Corn is one of the world’s most important crops. We don’t just pop it and munch it on the cob; corn can be turned into flour and syrup, it is fed to livestock, it is transformed into ethanol and it can even be used to make plastic. Between 2016 and 2017, about a billion tons of corn were produced around the globe, and corn yields more than six percent of all food calories for humans.
The story of this humble yet handy starch begins thousands of years ago in Mexico, with the domestication of an ancient grass called teosinte. But according to a new study published in Science, the trajectory of teosinte’s evolution into the golden grain we know today may be more complex than scientists previously thought.
Maize domestication, the commonly accepted theory goes, happened in the Balsas River Valley of south-central Mexico. Around 9,000 years ago, early farmers in this region began selecting for favorable traits of teosinte, which looks very different to modern corn and is not particularly palatable; its cob is small and its few kernels are surrounded by a tough casing. But with human intervention, teosinte evolved into tasty, tender corn, which was subsequently carried to other parts of the Americas. By the time of European colonization in the 15th century, corn was a major food source throughout many parts of the region.
Logan Kistler, the new study’s lead author and curator of archaeobotany and archaeogenomics at the Smithsonian National Museum of Natural History, says that according to this theory, gene flow from wild teosinte was still happening in some domesticated corn, but “in a major, evolutionarily important way, gene flow more or less stopped in the common ancestor of all maize.”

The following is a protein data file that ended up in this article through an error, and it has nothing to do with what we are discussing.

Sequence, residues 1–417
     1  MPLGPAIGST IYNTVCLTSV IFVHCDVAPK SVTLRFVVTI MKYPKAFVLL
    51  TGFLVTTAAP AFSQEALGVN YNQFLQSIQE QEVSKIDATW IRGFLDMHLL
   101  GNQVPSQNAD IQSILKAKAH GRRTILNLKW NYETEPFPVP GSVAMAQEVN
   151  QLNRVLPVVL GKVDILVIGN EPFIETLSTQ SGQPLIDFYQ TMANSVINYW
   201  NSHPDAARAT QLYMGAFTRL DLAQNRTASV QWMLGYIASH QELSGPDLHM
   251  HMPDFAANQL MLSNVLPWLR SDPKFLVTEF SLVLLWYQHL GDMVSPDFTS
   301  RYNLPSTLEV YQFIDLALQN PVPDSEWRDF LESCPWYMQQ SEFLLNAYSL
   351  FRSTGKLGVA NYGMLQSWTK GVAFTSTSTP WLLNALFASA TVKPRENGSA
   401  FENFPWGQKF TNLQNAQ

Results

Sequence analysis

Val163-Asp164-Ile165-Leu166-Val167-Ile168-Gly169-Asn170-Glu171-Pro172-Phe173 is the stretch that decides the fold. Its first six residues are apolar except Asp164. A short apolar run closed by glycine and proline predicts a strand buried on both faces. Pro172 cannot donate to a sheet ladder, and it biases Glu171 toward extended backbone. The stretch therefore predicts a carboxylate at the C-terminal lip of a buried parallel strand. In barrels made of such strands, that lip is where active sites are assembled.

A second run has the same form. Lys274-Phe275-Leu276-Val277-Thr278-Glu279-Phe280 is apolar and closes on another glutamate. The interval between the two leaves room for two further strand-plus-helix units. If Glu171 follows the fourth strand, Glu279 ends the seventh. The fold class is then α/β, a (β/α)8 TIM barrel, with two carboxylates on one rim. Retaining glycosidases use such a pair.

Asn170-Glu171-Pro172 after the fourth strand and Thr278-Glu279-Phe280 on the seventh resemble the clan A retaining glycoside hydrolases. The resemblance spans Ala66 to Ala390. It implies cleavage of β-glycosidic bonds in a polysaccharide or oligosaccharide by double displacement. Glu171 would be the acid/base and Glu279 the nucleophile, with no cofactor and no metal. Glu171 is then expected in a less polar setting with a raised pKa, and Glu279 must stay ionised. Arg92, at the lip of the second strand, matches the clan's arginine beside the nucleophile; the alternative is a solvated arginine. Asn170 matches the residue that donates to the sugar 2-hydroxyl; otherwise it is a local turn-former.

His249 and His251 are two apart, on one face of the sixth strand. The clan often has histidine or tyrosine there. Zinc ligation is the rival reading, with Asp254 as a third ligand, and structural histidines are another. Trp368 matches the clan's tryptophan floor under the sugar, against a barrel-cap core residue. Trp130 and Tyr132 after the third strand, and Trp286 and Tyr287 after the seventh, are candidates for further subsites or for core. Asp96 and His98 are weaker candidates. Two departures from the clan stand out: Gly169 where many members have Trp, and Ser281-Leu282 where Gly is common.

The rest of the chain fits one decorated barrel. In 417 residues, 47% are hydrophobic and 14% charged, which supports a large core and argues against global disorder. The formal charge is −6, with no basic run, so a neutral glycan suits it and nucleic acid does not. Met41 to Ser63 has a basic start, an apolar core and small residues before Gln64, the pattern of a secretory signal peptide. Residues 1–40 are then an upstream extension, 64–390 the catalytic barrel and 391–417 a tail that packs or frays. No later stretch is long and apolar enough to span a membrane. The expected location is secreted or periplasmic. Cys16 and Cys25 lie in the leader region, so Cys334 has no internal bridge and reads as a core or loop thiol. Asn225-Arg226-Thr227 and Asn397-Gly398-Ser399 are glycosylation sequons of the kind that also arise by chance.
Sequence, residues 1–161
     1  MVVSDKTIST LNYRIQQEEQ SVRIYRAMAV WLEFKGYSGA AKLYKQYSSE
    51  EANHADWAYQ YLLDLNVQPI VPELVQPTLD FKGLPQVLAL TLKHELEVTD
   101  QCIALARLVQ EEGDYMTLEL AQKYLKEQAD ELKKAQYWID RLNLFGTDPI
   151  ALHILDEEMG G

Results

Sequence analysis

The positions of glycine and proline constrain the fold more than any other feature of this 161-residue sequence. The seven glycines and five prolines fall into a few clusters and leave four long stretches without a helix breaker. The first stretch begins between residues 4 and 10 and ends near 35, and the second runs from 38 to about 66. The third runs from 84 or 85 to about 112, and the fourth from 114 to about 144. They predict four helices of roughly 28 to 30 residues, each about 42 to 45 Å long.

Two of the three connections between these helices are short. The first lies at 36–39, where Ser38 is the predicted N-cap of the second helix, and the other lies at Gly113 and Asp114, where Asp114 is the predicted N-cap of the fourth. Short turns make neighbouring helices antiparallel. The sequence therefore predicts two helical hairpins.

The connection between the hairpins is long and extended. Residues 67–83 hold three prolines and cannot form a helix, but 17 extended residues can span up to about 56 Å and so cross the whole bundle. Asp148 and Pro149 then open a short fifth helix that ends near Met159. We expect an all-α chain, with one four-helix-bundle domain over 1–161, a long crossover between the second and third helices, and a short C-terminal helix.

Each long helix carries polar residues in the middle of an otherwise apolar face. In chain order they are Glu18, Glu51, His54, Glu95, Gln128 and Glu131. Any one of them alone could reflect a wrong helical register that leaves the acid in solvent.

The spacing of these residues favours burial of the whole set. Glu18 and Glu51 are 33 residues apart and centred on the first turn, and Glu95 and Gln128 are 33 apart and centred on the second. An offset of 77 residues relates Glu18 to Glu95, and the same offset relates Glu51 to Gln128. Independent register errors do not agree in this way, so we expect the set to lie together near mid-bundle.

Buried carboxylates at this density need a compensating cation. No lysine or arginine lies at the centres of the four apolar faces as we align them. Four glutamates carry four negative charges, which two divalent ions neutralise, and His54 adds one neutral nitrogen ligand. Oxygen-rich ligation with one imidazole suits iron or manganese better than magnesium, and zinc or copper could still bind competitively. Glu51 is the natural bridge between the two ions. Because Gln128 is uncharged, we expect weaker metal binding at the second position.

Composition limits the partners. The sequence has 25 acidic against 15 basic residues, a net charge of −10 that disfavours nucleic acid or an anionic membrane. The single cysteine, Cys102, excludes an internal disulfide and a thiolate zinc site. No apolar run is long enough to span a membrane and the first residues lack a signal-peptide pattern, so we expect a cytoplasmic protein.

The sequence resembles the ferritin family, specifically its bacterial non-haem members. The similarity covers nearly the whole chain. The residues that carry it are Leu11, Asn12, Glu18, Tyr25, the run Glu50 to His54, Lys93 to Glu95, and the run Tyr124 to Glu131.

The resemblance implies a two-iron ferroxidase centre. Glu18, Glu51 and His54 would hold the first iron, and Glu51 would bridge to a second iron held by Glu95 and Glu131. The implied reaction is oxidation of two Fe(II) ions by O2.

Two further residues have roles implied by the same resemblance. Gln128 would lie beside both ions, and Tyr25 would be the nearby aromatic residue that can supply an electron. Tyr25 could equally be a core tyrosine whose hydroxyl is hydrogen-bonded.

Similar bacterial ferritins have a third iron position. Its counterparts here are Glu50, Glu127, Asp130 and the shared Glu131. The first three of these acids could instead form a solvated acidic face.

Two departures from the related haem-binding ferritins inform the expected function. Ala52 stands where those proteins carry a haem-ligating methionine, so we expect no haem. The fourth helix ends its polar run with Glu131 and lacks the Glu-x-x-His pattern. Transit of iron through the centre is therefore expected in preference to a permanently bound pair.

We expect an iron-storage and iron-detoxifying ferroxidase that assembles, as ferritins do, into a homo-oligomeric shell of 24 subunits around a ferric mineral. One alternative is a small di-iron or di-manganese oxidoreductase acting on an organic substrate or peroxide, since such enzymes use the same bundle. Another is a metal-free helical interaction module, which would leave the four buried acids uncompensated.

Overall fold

Recent revelations, however, prompted Kistler and his colleagues to rethink this idea. In 2016, two independent research groups analyzed the DNA of 5,000-year-old maize cobs from a cave in Mexico, and found that the ancient corn was still in the midst of the domestication process. The cobs had some genes associated with teosinte, dictating things like seed dispersal and starch production, and other genes characteristic of domesticated corn, like variants responsible for eliminating teosinte’s hard outer casing.
These findings, according to Kistler, were surprising. By the time the cobs ended up on the floor of the ancient cave, maize had already travelled far beyond Mexico, and had been cultivated in the southwest Amazon for around 1,500 years. The grain’s evolutionary story, in other words, appeared to have forked into two different paths.
“You have this paradox, this mismatch, where you already have maize being continuously cultivated in parts of the Amazon for thousands of years, and then it’s still not even finished being domesticated in the center of origin,” Kistler explains. “In order to reconcile the archaeology and the genetics … we had to think about a new domestication model.”
So, Kistler and his fellow researchers decided to take a closer look at corn DNA—and what they found suggests that while the domestication of teosinte did indeed begin in Mexico, we shouldn’t think of maize domestication as a discrete event. Instead, the grain’s evolution was a long and convoluted process, with the final stages of its domestication occurring more than once, in more than one place.